189

I am using the last version react-router module, named react-router-dom, that has become the default when developing web applications with React. I want to know how to make a redirection after a POST request. I have been making this code, but after the request, nothing happens. I review on the web, but all the data is about previous versions of the react router, and no with the last update.

Code:

import React, { PropTypes } from 'react';
import ReactDOM from 'react-dom';
import { BrowserRouter } from 'react-router-dom';
import { Redirect } from 'react-router'

import SignUpForm from '../../register/components/SignUpForm';
import styles from './PagesStyles.css';
import axios from 'axios';
import Footer from '../../shared/components/Footer';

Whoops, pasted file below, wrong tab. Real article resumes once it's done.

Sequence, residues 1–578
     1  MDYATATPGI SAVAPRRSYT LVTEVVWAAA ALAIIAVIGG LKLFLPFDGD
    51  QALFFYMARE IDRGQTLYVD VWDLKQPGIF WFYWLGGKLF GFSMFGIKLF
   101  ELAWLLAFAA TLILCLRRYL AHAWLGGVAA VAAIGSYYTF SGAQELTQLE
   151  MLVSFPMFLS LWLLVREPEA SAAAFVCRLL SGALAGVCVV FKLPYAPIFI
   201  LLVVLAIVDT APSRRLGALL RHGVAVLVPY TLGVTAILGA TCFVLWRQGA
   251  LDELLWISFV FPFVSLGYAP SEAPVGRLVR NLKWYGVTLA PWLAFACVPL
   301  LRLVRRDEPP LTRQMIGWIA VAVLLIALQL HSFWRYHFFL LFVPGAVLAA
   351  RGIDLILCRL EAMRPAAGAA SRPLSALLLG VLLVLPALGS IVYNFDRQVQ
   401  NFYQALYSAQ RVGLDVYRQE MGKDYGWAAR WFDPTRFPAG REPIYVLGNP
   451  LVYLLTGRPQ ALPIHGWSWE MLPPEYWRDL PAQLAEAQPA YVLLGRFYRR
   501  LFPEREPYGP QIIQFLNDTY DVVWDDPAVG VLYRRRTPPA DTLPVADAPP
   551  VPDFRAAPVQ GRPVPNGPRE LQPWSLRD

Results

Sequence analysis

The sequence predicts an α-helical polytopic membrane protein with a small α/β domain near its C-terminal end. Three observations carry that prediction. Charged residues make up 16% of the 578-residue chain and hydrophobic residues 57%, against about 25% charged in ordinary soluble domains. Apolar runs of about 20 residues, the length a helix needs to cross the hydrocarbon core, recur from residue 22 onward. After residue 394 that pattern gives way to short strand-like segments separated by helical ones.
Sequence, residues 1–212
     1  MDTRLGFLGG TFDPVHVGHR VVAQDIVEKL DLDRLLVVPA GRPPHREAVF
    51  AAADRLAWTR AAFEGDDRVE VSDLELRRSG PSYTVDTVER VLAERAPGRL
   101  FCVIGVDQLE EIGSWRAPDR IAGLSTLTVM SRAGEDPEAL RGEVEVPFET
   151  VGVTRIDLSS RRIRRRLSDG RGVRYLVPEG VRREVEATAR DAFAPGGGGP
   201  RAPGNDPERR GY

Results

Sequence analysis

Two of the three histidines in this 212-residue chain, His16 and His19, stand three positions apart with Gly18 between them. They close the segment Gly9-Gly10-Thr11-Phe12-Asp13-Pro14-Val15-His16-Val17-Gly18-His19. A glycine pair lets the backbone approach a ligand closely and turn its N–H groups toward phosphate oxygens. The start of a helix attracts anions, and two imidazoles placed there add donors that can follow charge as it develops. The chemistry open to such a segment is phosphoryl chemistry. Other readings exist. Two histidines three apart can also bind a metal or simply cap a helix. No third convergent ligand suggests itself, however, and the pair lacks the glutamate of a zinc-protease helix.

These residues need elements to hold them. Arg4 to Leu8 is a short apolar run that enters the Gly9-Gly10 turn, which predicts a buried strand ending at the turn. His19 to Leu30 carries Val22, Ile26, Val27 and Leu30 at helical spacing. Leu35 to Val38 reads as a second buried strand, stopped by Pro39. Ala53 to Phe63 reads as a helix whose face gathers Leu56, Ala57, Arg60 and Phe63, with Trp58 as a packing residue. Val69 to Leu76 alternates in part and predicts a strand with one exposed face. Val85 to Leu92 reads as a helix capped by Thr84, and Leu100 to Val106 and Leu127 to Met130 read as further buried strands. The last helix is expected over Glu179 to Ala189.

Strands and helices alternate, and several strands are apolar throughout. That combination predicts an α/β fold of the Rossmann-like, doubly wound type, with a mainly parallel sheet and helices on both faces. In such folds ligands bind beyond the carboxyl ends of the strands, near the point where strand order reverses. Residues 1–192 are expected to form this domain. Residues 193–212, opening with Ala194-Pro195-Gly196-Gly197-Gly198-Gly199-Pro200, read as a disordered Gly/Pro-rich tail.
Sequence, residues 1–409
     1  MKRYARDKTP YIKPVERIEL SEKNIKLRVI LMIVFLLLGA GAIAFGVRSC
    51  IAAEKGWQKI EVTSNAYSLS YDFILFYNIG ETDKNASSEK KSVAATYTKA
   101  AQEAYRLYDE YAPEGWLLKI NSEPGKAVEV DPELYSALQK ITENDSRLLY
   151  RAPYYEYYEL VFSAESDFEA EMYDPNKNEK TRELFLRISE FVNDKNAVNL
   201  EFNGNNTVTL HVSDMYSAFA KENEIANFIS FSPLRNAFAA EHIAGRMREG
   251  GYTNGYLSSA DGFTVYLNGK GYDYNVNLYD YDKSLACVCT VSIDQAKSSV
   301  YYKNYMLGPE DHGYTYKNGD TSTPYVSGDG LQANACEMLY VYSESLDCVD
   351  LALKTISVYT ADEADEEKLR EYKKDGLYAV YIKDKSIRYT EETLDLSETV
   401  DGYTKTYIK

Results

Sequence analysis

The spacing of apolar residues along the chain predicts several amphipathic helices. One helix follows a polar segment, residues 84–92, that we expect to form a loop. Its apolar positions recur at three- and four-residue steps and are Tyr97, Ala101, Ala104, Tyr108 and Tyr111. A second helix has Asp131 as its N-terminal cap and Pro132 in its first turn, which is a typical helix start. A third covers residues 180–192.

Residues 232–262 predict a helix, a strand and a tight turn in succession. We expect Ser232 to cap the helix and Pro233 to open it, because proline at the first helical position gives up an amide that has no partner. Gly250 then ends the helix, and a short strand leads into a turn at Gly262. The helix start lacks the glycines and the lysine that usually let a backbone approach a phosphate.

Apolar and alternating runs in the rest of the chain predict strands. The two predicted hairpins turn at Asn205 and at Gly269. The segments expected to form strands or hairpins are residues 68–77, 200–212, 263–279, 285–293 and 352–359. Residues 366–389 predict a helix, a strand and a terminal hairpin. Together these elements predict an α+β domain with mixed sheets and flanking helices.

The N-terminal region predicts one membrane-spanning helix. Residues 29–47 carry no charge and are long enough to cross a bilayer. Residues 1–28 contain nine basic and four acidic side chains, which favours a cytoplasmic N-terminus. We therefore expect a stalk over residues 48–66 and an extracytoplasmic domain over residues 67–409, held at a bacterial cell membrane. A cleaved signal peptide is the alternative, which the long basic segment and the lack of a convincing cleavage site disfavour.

class SignUpPage extends React.Component {
  constructor(props) {
    super(props);

    this.state = {
      errors: {},
      client: {
        userclient: '',
        clientname: '',
        clientbusinessname: '',
        password: '',
        confirmPassword: ''
      }
    };

    this.processForm = this.processForm.bind(this);
    this.changeClient = this.changeClient.bind(this);
  }

  changeClient(event) {
    const field = event.target.name;
    const client = this.state.client;
    client[field] = event.target.value;

    this.setState({
      client
    });
  }

  async processForm(event) {
    event.preventDefault();

    const userclient = this.state.client.userclient;
    const clientname = this.state.client.clientname;
    const clientbusinessname = this.state.client.clientbusinessname;
    const password = this.state.client.password;
    const confirmPassword = this.state.client.confirmPassword;
    const formData = { userclient, clientname, clientbusinessname, password, confirmPassword };

    axios.post('/signup', formData, { headers: {'Accept': 'application/json'} })
      .then((response) => {
        this.setState({